Published on September 14, 2013 by Amy
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The Bannock or Banate are a Native American people who traditionally lived in the northern Great Basin in what is now southeastern Oregon and Southern Idaho. They speak the Northern Paiute language and are closely related to the Northern Paiute people. Some anthropologists consider the Bannock to be simply the northern-most bands of the Northern Paiute. The degree to which the Bannock considered themselves separate from the Northern Paiute at the time of contact is unclear. The Bannock developed a horse culture and associated closely with the Northern Shoshone.
The Bannock are prominent in American history due to the Bannock War of 1878. After the war, the Bannock moved onto the Fort Hall Indian Reservation with the Northern Shoshone and gradually their tribes merged. Today they are called the Shoshone-Bannock. The Bannock live on the Fort Hall Indian Reservation, 544,000 acres in Southeastern Idaho. Lemhi and Northern Shoshone live with the Bannock Indians.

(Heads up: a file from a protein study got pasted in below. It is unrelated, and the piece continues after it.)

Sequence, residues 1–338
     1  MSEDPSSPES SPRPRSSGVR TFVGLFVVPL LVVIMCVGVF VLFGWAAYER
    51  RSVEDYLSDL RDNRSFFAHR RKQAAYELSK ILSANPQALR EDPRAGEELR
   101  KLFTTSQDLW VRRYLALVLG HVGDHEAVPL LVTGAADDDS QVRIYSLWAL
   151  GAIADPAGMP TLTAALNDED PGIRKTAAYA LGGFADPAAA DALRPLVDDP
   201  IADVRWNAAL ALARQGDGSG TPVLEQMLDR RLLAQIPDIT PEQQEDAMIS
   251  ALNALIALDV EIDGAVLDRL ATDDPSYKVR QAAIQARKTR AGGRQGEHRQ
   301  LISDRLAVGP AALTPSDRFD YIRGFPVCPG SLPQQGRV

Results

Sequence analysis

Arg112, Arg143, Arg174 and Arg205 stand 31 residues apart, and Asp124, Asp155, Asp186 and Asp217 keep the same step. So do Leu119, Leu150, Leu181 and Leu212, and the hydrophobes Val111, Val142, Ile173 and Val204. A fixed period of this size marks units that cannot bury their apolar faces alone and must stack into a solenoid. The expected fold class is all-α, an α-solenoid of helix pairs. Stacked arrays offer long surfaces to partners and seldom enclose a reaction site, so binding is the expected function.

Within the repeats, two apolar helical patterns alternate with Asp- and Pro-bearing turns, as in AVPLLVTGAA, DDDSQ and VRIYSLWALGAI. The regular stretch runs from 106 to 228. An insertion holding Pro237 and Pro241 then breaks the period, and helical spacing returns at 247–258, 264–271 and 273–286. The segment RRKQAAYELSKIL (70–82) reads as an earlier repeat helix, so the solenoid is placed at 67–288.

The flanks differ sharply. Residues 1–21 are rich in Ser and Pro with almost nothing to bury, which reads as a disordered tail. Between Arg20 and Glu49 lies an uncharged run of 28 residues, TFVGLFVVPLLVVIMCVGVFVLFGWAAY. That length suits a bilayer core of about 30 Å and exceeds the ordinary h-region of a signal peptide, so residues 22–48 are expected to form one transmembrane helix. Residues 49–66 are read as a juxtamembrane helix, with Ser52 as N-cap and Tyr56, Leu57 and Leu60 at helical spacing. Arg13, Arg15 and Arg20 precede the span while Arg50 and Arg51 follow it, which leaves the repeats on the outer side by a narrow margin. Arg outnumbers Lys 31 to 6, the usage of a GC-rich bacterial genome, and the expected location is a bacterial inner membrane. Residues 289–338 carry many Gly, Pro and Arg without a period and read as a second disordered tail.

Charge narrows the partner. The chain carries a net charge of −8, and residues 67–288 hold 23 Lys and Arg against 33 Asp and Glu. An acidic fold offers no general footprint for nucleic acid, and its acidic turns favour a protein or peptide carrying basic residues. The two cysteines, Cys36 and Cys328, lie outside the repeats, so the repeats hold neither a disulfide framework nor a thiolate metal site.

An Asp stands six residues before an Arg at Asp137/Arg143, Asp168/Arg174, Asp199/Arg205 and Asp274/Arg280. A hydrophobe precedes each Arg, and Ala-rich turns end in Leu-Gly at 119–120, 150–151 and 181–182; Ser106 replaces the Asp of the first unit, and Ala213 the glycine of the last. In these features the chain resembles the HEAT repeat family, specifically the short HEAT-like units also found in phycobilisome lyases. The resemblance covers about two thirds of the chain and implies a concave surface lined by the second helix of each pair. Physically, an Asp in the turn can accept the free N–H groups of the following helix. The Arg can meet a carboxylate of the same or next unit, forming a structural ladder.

For most of the nineteenth century the majority of the Bannock were mounted, loosely organized into relatively large bands, and influenced by Plains Indian cultures. Some, however, lived in smaller, un-mounted family groups much like their Northern Paiute neighbors. Actually, however, the Bannock left their homeland, what is now southeastern Oregon, and moved to south central Idaho in the eighteenth century. The horse was the vehicle that allowed this movement. The Bannock were a widely roving tribe, a characteristic which favored their dispersal and separation into groups. Both the men and the women are well developed; and although Shoshonean in language, in physical characters the Bannock resemble more closely the Shahaptian Nez Percé than other Shoshonean Indians. The development of the horse culture allowed the Bannock Indians to be aggressive in war and chose their chiefs for that aggressiveness. The horse allowed the Banncok Tribe to have a large range of territory.
It should also be noted that the fur traders and others referred to the Bannock Indians as “robbers,” as they were quite adept at acquiring horses!